Brew Kettle Has Rust Inside (How To Clean It & Prevent It!)

The sight of rust in a brew kettle could cause concern to a brewer, especially if the said brew kettle is stainless steel. One of the main reasons a brewer will spend a little more on a stainless steel brew kettle is not dealing with rust issues.    

A stainless steel brew kettle is designed to resist rust, but it is not rust-proof. To prevent the formation of rust, clean the kettle with a brewing grade cleaner immediately after purchase. Only use tools that are safe for stainless steel, and dry the brew kettle completely before storing. If rust does occur, clean with Bar Keepers Friend.

Read on to find out what steps you can take to remove any existing rust that may have formed. You can also take steps to prepare your brew kettle to help prevent any rust from forming at all.

Why do stainless steel brew kettles rust?

Failure to maintain a stainless steel brew kettle will lead to rust. There is a minimum of 10.5% chromium found in stainless steel.

When chromium reacts with oxygen, an oxide layer forms very quickly on the surface of the steel, protecting the steel from rusting. Any damage inflicted to this oxide layer will allow the rust to start to form.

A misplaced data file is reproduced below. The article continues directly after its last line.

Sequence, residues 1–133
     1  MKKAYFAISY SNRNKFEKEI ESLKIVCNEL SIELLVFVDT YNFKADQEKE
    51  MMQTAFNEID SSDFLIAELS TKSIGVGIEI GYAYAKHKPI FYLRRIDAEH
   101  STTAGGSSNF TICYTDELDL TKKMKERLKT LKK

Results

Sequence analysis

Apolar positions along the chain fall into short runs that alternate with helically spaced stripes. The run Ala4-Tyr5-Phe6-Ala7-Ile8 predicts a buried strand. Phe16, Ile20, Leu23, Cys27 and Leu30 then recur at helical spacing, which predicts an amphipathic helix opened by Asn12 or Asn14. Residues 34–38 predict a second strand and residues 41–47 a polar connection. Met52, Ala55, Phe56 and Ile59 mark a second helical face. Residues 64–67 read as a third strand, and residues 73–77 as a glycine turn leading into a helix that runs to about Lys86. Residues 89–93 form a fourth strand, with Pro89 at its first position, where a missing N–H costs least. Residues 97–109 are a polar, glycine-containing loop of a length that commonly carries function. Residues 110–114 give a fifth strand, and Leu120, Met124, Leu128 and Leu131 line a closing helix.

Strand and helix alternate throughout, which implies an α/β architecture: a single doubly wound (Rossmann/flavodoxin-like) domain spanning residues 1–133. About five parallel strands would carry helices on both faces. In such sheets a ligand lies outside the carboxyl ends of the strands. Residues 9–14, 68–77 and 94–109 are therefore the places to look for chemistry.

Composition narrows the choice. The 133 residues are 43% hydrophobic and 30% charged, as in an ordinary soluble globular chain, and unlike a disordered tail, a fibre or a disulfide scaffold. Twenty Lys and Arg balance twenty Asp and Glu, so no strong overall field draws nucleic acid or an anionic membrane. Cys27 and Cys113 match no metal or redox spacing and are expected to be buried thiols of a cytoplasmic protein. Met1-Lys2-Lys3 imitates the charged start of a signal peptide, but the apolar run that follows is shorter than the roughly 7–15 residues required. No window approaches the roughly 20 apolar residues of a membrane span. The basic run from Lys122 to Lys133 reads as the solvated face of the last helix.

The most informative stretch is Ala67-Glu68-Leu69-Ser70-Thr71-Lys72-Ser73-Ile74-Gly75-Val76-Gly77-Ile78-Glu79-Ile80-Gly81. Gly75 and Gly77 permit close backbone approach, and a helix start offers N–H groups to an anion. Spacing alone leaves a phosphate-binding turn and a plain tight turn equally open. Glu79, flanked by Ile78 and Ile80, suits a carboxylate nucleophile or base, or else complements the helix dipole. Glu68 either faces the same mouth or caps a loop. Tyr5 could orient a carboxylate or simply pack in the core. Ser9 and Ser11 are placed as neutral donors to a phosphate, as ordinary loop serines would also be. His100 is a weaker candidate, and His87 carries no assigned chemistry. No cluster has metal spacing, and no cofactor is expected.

Improper care of the stainless steel equipment will cause it not to uphold its rust and corrosion-resistant capabilities. Using cleaners that contain bleach or ammonia and other types of harsh abrasives will damage the oxide layer that protects the stainless steel.

Excess scouring, using a non-stainless scour to scrub, or even placing non-stainless items in the kettle, will scratch up and damage your stainless steel brew kettle, enabling rust to form on these damaged areas. 

Do all stainless kettles rust?

If not cared for properly, all stainless brew kettles have the potential to rust.

Stainless steel is non-corrosive and rust-resistant, not rust-proof. Poor care and handling will ultimately result in a stainless kettle that will contain rust.